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   Odin Sphere - Staff Retroview  

Divinely Blessed?
by Mike "JuMeSyn" Moehnke

Click here for game information
PLATFORM
PS2
BATTLE SYSTEM
3
INTERACTION
2
ORIGINALITY
4
STORY
5
MUSIC & SOUND
4
VISUALS
4
CHALLENGE
Hard
COMPLETION TIME
40-60 Hours
OVERALL
3.0/5
+ Absorbing story
+ Sumptuous visuals
+ Tantalizing beat-em-up mechanics
- Way too much repetition
- Time-consuming, clunky inventory
- Sometimes-painful difficulty
Click here for scoring definitions 

   In 1997, a game that pushed the process of two-dimensional gaming was released for the Saturn. Princess Crown never left Japan, but it resonated strongly with those who played it, and the idea of steering clear of the third dimension was apparently a favorite of director George Kamitani. Ten years later the studio he headed, Vanillaware, released another game going boldly where many had gone before — but not lately. Odin Sphere is in some ways a startling assertion of the power 2D visuals can produce, but in others a reminder that frustration can be achieved using any method at a programmer's command.

   Odin Sphere in action is rather like a beat-em-up instead of the 2D fighter that Princess Crown resembled. In order to proceed through any area of the game, all the enemies that appear must be pummeled into the ground. The process is a little different than in most beat-em-ups, though, because of the Power meter every character must mind. An all-out assault is impossible to sustain, because constant attacking drains the Power meter, and if it is allowed to completely empty four of the five characters will stand immobile until it recharges, while the fifth must reload her weapon and is thus also temporarily toothless. This mechanic means running away becomes a constant strategy, since the Power meter quickly recharges once attacking is ceased. Becoming accustomed to this methodology may take awhile, but the visceral fun of pounding multiple foes that beat-em-ups achieve has been preserved rather well.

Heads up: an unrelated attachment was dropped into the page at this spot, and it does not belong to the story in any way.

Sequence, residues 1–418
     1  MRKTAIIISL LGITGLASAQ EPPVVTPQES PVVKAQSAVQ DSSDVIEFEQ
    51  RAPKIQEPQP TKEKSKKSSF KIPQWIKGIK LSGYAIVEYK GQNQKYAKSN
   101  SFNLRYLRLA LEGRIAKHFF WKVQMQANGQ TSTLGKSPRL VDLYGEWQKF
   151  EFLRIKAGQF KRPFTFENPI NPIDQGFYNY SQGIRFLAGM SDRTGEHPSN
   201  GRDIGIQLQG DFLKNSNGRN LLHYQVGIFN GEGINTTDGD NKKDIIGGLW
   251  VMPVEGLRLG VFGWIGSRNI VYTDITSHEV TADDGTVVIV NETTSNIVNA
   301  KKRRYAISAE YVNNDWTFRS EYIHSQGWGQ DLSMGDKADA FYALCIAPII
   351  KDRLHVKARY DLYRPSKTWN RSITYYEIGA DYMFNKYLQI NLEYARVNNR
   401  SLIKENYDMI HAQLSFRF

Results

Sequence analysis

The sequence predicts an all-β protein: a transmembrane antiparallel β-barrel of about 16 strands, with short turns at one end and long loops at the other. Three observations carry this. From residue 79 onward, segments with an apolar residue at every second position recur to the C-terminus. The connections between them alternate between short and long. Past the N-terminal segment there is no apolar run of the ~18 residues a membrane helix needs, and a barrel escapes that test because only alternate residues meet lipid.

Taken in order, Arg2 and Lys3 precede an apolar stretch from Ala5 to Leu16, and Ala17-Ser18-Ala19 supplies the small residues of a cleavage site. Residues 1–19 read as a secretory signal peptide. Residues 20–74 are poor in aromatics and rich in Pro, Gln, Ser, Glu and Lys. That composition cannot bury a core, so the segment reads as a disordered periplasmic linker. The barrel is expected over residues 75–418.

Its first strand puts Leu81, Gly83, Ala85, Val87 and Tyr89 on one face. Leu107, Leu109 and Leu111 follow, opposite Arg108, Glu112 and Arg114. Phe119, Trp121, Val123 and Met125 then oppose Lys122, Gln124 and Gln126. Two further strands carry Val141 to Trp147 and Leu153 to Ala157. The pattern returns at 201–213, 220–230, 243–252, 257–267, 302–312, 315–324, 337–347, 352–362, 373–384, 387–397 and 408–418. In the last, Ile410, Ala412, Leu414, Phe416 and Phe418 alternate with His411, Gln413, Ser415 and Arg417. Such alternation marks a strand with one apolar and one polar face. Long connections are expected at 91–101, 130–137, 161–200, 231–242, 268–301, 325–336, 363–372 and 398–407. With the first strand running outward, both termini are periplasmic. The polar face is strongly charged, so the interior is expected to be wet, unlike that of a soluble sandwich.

Character growth is not accomplished via the usual methods in Odin Sphere. Enemies cough up some glowing orbs called Phozons that float around the battlefield when they die, and characters can absorb these at their leisure, with permanently increased attack power being the reward. Phozons can also be used to grow a variety of seeds that are bestowed as battle spoils, however, and the produce produced from this can be eaten to both increase a character's HP and to heal. These means of statistic enhancement can be rather time-consuming, but are also fairly entertaining.

   Collecting things that can be turned into edibles is a part of the inventory, which begins as tightly constrained and stays that way throughout the game. The central problem is that the game constantly rewards players with fresh items, and almost none of them can be dismissed as useless. Characters begin with the capacity to hold only sixteen items, and while this can be increased later in their stories, item storage capacity is never proof against the enormous quantity of material offered. This results in needing to rearrange the inventory with almost every individual battlefield, which becomes aggravating at the game's beginning and stays that way. The clutter is even more pronounced once each character gains access to restaurants that prepare far more potent HP-increasing foodstuffs, since their recipes require ingredients that might otherwise be tossed aside to free precious room.

Ingway has an odd way of making his sister feel at ease. Ingway has an odd way of making his sister feel at ease.

   Just a glance reveals the resplendent visuals of Odin Sphere, which certainly show what the PS2 could produce in this realm. Enormous sprites that take up the entire screen are routine for its bosses, the backgrounds have multiple layers and reward scrutiny, each figure onscreen moves quickly and fluidly, and the result is a feast for the eyes. The game does play host to some obnoxious slowdown at points, along with some surprisingly long load times, but these annoyances do not detract from the rich visual tapestry on display.